Google Website Optimizer is gone.¬† It has been replaced with Google Content Experiments.¬† Countless articles and blog posts have been written on how this change will affect testing for everyone.¬† This blog post will briefly outline why Google Content Experiments will make your life better, but might make your life harder, and will show you some alternative testing tools that this change should draw your attention to.
Regular Expressions Filter Out IP’s
RegEx is an awesome new feature because you can easily include or exclude specific IP addresses from a test.¬† Now you won’t dilute your test results every time you view your tests pages because you can exclude yourself and the people you work with from being counted in the experiment.
Content Experiments are Integrated into Google Analytics
Since Content Experiments are now integrated with Google Analytics, you won’t have to spend so much time wondering, “Why don’t the numbers in my GWO account match what I’m seeing in GA?”
No more wasting valuable time trying to figure out or explain small inconsistencies that drive you crazy.
Experiments Have to Run for 2 Weeks Minimum
Google Content Experiments will not confirm statistical significance until a test has been running for two weeks.¬†¬† There are different reactions to this change.¬† Many sites feel they have seen enough traffic before the end of two weeks to be sure which page performs optimally.¬†¬† While we agree that it is a pain to run a test longer than you feel you need to, it is more important to be sure that your test results will be lasting.¬† There is too big a chance that something outside the landing page itself could effect the outcomes in any given week.¬† Imagine an ideal test-it would run for years to confirm significance across days of week, seasons and fashions throughout the years.¬† We think two weeks minimum is an appropriate compromise.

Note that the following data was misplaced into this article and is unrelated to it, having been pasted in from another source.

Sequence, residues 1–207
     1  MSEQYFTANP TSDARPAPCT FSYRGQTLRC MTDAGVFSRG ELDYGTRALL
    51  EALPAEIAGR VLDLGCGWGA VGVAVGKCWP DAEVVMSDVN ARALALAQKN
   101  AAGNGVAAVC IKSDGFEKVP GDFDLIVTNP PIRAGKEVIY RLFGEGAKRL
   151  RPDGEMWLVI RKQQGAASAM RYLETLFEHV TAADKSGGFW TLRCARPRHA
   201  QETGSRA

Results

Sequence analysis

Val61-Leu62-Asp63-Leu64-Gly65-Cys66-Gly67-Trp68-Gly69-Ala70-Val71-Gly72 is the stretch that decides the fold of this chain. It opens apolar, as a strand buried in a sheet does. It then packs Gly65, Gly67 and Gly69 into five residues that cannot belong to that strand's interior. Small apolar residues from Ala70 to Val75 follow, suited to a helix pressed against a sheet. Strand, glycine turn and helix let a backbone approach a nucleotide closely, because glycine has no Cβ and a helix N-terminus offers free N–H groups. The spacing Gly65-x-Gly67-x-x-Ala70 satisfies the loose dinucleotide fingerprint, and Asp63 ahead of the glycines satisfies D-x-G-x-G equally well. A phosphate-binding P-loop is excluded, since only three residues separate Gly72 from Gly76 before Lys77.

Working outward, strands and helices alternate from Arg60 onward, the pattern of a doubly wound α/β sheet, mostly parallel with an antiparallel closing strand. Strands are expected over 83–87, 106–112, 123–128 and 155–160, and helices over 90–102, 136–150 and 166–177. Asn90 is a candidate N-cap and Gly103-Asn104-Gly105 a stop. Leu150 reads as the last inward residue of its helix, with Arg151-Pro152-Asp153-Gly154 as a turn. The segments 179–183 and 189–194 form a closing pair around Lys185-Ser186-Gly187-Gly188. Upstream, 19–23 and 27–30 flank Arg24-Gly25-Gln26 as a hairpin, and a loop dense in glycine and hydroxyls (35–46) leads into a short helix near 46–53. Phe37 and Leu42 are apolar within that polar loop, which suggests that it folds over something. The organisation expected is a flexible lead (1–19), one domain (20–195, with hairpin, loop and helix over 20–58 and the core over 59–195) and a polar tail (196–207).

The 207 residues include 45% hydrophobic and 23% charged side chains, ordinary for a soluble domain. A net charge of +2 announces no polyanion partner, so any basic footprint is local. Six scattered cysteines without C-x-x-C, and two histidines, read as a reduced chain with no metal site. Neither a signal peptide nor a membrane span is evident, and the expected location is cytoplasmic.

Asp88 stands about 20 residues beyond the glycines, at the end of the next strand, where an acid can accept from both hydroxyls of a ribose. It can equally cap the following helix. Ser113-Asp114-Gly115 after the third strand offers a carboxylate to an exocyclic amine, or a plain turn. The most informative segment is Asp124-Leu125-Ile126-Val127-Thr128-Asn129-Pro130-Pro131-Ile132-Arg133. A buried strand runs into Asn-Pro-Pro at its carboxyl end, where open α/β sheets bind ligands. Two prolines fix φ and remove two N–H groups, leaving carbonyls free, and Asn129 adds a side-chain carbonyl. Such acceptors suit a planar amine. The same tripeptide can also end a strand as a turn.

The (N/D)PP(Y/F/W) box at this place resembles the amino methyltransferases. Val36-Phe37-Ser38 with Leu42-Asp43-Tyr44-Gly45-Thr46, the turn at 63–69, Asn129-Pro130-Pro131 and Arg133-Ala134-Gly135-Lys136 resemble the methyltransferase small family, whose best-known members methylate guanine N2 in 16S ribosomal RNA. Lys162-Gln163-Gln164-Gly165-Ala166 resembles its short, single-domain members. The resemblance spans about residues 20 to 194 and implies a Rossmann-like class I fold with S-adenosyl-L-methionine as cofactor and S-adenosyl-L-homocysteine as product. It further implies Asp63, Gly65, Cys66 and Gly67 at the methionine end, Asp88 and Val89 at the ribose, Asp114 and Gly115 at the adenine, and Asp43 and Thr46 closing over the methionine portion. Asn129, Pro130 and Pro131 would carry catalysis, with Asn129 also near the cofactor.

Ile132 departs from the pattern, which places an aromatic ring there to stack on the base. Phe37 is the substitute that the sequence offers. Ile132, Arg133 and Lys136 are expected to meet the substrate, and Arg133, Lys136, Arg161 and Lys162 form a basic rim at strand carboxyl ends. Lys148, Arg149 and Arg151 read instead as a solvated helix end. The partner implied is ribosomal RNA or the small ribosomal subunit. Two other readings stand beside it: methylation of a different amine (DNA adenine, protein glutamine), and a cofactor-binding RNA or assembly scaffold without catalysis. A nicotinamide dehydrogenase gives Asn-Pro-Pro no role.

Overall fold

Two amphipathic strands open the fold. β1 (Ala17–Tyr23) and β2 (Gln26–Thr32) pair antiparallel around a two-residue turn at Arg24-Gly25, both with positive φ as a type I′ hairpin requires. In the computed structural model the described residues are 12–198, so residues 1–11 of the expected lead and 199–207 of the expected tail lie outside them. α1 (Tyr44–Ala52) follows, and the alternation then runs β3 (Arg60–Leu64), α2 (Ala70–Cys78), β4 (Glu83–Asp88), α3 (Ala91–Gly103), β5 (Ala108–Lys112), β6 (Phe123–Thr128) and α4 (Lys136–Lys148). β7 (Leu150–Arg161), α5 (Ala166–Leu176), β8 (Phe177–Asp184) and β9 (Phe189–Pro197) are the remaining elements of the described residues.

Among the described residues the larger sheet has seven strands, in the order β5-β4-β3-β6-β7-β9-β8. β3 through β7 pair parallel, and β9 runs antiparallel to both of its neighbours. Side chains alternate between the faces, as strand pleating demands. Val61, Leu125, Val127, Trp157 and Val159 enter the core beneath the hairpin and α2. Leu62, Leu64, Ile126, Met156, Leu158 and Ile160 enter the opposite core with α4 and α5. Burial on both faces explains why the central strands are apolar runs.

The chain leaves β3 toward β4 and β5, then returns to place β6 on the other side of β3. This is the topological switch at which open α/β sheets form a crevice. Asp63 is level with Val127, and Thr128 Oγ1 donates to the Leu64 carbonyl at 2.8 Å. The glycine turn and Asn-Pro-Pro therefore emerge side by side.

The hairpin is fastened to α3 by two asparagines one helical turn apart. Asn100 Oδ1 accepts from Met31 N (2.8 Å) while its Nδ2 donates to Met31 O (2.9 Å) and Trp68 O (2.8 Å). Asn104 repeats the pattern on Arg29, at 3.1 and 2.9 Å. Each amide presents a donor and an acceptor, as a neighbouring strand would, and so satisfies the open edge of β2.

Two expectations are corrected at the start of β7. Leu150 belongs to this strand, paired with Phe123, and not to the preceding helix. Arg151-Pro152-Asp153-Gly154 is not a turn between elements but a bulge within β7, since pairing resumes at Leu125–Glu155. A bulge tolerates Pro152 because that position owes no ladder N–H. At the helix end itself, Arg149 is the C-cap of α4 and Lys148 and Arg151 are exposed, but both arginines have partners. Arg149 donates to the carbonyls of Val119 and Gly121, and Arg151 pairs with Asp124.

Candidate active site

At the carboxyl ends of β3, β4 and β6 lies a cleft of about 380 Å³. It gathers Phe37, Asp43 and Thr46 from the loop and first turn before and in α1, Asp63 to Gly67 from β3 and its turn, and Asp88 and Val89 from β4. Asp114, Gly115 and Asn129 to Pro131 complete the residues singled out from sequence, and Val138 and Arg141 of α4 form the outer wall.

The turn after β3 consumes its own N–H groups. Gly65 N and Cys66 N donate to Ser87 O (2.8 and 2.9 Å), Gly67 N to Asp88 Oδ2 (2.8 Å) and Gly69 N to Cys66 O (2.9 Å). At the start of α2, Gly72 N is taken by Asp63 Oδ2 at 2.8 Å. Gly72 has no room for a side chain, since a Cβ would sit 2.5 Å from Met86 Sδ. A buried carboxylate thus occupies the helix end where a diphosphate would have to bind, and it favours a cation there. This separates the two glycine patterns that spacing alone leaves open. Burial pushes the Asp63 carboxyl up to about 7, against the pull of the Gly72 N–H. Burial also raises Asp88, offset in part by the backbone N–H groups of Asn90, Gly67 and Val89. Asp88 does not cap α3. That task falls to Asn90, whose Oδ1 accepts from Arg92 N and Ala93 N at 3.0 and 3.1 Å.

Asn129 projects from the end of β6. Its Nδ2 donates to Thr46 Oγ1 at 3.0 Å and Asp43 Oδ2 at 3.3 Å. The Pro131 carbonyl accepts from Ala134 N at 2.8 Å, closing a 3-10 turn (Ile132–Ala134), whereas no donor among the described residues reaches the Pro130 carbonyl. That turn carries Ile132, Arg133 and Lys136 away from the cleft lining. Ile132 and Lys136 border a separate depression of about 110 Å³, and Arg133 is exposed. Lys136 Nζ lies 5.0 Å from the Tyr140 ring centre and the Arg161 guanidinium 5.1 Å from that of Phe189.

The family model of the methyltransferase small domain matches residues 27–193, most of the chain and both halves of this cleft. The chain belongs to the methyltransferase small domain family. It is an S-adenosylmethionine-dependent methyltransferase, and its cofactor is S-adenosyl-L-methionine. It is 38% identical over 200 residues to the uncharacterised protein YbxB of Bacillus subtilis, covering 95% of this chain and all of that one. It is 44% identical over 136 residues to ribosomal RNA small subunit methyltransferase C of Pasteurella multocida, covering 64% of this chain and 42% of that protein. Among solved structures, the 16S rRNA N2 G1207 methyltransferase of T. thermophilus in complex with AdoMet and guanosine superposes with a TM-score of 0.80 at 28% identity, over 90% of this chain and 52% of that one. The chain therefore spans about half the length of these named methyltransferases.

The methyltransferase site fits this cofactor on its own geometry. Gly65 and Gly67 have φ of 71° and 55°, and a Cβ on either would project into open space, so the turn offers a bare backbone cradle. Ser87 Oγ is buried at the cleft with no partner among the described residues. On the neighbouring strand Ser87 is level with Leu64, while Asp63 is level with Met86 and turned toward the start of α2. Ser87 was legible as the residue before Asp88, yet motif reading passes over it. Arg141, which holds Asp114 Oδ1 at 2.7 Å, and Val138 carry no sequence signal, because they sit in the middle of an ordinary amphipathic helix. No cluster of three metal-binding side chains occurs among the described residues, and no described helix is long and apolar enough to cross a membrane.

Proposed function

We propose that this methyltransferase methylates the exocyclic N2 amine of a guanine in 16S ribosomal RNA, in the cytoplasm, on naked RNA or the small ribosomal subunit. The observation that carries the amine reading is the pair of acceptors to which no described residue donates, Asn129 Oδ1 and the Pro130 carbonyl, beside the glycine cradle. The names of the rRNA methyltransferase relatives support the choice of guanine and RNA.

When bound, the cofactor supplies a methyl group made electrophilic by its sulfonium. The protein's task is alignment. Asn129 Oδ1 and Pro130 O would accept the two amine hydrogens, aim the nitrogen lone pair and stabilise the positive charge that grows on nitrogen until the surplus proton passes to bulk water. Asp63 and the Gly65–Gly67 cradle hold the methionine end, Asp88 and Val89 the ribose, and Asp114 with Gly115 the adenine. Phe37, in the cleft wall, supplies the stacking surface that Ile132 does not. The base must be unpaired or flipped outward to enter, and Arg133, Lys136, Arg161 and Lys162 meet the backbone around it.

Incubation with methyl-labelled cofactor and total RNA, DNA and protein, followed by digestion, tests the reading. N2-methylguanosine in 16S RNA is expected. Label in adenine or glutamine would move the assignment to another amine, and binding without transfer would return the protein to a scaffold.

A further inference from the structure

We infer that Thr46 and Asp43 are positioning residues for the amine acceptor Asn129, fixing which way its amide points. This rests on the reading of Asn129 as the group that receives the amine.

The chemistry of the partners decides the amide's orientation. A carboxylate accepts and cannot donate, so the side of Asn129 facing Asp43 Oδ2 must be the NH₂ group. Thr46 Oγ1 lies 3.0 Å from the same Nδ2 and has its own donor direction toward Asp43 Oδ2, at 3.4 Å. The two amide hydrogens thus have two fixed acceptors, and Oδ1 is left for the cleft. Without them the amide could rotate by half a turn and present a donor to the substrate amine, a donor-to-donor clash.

We know that you might see things differently and want full control over the abilities of your testing tool.¬† It is probably time for you to start looking at some alternative testing platforms.
You Can Look at How Your Test Pages are Performing by Segment
The addition of Advanced Segmenting is the very best part of Google’s new Content Experiments.¬† Now you can look at test outcomes based on traffic type, device, whether or not the visitors to the page have seen the page before- the insights are endless.¬† Most importantly, you can see that one page might actually convert better overall, but not fair well for a specific segment.
You Don’t Need A New URL for Every Test Variation
This upgrade¬† allows you to test different page versions without having to create multiple URLs.¬† You can create a version of your test page that has a different URL parameter using a symbol like # 0r ?.¬†¬† Using relative URLs will allow you to test different versions for a product template page on your Ecommerce website.
They Took Away Multivariate Testing!